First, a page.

Furst Draft: Destination Medical Center plan is feast for policy wonks

Like a lot of people around Rochester — and at the state Capitol — I'm becoming a policy wonk on DMC.

That's Mayo's Destination Medical Center proposal — or Destination Medical Campus, as we erroneously called it in a story this week — and it's a plan that only a wonk can truly appreciate. Though it's promoted as simple and straight-forward, there are a lot more moving parts than meet the eye.

I'm just starting to chew through the Minnesota Management and Budget workup on House File No. 409, and call me weird, but it's fascinating. Here are four items in the MMB analysis that clearly will get close attention by tax number crunchers and business people. They're also highlighted in the document, which I've linked to online, as "issues that may arise during the implementation of the proposed legislation that policy-makers may wish to consider." These are excerpts:

• Defining designated corporate tax:It is not clear how corporate franchise tax paid by "businesses located in the city" would be determined. Some rules for apportioning the total corporate tax paid by a business with less than 100 percent of its business operations located in Rochester.

• Defining designated personal income tax:"Personal income taxes attributed to payroll for employees of all facilities in the city of any business entity located in the city" would presumably be estimated based on withholding for income tax rather than actual income tax liability from tax returns. Because withholding generally exceeds tax liability (resulting in refunds), this will tend to overstate actual income tax liability.


The personal income tax component of the state funding for DMC is one of the more novel aspects of the plan, and this is one reason — how do you accurately calculate it? Not by withholding, which certainly overstates actual taxes paid, though in my personal case, it seems like my withholding is never enough

• Timeline for calculating baseline revenues: The July 15, 2013, deadline is probably too quick (and perhaps not necessary because the first payment is not made until two full years later).

This gets at a point we tried to pin down last week at the Post-Bulletin Dialogues event: When will we see bricks-and-mortar if DMC is approved this year? According to the fine print, the baseline calculations would be worked out by July, and the first payout of state tax revenue to the DMC Authority would occur in 2015.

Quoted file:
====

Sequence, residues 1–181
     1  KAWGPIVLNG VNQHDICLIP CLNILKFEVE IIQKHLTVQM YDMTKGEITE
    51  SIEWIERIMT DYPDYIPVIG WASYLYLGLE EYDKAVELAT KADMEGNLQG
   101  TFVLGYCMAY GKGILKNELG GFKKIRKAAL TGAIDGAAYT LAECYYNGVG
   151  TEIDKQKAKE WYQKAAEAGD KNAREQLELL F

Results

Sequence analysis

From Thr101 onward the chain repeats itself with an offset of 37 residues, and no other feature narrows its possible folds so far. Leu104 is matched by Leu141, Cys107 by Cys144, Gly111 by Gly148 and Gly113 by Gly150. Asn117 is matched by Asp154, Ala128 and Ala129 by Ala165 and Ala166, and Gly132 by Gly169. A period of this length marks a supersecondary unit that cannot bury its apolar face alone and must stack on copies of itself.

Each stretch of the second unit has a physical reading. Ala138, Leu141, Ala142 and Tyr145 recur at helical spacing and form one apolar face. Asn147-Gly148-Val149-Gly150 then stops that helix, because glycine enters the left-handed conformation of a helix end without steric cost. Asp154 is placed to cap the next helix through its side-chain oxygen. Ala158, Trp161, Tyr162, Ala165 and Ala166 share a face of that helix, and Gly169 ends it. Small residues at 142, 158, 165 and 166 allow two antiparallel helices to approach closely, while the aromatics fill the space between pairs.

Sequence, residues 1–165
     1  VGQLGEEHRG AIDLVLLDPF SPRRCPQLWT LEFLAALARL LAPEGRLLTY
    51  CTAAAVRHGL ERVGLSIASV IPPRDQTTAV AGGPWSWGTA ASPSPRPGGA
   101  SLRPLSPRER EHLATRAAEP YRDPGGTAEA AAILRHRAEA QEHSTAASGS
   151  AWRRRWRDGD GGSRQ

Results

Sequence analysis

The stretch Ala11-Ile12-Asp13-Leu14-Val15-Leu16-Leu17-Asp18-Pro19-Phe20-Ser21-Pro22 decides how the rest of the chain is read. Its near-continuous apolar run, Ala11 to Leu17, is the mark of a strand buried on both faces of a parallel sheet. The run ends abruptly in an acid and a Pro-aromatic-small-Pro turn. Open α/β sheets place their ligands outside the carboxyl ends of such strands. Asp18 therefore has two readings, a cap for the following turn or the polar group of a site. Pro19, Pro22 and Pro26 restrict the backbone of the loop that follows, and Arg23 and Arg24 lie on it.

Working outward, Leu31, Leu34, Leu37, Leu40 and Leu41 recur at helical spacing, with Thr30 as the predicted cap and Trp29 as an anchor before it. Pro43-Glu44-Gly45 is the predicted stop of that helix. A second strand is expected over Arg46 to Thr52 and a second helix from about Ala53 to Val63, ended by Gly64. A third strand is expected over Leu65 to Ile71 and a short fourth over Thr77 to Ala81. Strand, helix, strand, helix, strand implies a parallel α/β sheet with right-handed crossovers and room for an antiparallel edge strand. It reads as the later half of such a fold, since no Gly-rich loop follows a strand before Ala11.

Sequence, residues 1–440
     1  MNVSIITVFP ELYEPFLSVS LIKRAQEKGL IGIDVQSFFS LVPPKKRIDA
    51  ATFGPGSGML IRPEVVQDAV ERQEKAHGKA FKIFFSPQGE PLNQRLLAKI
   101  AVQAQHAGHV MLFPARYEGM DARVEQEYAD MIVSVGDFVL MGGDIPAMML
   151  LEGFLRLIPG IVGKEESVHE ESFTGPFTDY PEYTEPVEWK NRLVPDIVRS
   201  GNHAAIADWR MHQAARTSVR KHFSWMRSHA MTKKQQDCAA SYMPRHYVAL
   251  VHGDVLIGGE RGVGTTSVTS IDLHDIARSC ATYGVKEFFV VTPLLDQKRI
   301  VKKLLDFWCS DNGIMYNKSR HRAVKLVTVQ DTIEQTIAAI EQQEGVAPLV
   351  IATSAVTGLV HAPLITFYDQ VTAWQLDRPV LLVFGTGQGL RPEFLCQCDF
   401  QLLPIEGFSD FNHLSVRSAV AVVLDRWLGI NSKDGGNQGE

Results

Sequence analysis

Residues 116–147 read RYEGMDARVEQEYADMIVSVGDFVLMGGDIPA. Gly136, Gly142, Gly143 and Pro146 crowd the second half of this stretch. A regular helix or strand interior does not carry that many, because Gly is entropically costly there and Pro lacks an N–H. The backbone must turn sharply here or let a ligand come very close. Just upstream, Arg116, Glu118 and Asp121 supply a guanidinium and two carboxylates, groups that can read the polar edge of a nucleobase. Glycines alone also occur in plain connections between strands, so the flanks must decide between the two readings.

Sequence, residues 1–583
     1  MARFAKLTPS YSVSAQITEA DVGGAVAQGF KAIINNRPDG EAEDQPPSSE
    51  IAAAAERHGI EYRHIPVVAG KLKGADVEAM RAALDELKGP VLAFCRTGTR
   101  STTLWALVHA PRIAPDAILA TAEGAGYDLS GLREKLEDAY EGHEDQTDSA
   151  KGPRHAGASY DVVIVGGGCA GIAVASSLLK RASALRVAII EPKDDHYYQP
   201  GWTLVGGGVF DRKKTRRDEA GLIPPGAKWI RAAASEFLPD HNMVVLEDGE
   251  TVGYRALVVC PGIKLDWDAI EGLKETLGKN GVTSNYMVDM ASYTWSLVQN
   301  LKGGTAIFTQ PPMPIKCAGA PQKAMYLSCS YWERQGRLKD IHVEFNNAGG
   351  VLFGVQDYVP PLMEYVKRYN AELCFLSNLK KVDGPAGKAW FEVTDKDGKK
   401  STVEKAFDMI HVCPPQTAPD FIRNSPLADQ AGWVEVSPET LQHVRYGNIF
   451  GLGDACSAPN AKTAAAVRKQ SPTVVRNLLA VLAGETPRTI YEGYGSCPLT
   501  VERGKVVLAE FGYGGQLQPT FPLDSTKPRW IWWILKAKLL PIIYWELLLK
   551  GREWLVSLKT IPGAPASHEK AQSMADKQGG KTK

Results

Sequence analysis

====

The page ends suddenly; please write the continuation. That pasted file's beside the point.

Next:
Mayo's own projects, whatever they are, presumably would be under way by then.

Here's one more point from the report, and I'll wrap up with a question and a comment.

• "It may not be appropriate to include revenue from the 3/8 percent sales and use tax that is constitutionally dedicated by the Legacy Funds, even though only 2/3 of any increase in the total sales tax collections would be included in the transfer."

This seems like a no-brainer to me. I'm not a constitutional attorney, but it seems "inappropriate" to factor in money for DMC that's based on Legacy Fund revenue.

More to follow, as I continue chewing … you're welcome to read the report and digest it with me.


Here's the question that occurred to me in reading this analysis. Does the Development Authority ever "sunset"? Does it expire after 20 years, the timeframe that Mayo has referred to, or does it go on into perpetuity? I have a call into Mayo on this one. I don't see a reference to a "Best Used By" date in the legislation, though the Authority's bonding authority expires after 20 years.

And a comment: I was left with the impression, after our Dialogues meeting and from other reading, that the Rochester City Council has the final word on decisions made by the DMC Authority.

Well, it does and it doesn't. Gary Neumann, the assistant city administrator, said the legislation calls for the city to "assist them in developing the development plan … it's reviewed by the city for consistency" with master plans and zoning, for example, but the council doesn't approve individual projects.

"Our review relates to whether it meets all city codes and ordinances," he said, and then to deal with the building permits and other paperwork.

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